I would advice to avoid such base object inheritance constructs because they may be usefull in some cases but mostly waste a lot of space unused in your code base and runtime. Take a look on Unity3D where management scripts (Sound, Network, Gameplay ..) inherit 3D transformation and rendering properties, have a null field to physics objects (collision, rigidbody) and so on where it isnt needed to do the managing job it was programmed for. Therefore I'm using little inheritance just for memory management in some classes that may need to allocate space where the base class holds an allocator object and one single access function. This design is based on the capability to have objects allocate space in different managing areas (heap, memory chunks, VRAM ..) and code anything else explicitely for the job it is used for.



2. OnStartInit


It could be difficult to tell your game to just use a specific entry point when you are working in a framework. The problem is that you either not have access to tell your game "please use the main entry point from a different assembly" or you need to expose a staticaly structured code class that your game is needed to call for starting the framework. I like the approach Urho3D is driving where you have a macro to use anywhere in your code specifying the main entry point. I have expanded that to also pass two functions that are called before and after the main loop to initialize/cleanup necessary stuff. In my case it is at least to instantiate the main allocator in a fixed area of memory in my framework assembly and to set the first time frame for the rendering loop.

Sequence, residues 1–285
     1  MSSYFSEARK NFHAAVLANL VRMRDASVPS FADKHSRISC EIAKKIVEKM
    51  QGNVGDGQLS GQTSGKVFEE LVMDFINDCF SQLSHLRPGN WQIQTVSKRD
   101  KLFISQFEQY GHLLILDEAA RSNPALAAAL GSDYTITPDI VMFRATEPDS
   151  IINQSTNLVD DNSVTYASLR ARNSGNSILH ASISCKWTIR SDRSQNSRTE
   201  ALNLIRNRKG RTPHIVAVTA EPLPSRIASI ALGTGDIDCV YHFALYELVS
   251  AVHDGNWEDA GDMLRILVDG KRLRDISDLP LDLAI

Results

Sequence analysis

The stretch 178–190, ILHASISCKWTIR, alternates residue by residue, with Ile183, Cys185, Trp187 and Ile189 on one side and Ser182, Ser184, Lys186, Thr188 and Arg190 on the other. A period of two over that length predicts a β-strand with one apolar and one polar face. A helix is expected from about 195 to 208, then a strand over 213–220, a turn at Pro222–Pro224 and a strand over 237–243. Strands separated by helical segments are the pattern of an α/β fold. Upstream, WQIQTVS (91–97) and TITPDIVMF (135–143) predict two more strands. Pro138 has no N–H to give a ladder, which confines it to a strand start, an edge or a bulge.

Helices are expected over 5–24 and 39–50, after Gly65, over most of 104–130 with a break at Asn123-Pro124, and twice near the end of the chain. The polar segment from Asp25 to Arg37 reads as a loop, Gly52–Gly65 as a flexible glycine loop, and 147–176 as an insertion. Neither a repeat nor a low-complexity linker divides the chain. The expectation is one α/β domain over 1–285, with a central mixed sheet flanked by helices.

3. OnUpdateWorld/OnRenderWorld


This may be complicated and time wasting depending on your implementation. Unity3D uses such events in every class inheriting from Gameobject so on every frame every object is called for the different update functions regardless if anything needs to be updated. Therefore such components as NodeCanvas use there own update mechanism where update is called once from the engine into NodeCanvas and distributed into the Tree of nodes. In a different project we have had our own timer class (that called the update function on a tick rather than a frame). The main question here is when are your objects updating themself and in my opinion could there only be a few situations when this may happen during gameplay.


- User Input changes an objects state (walking, attacking, clicking a menu)

- Timer ticks an event (Particle system, Skybox, AI made a decision, a Countdown runs out)

- A callback returns (Network transmission, a thread ended work e.g. loading an Asset)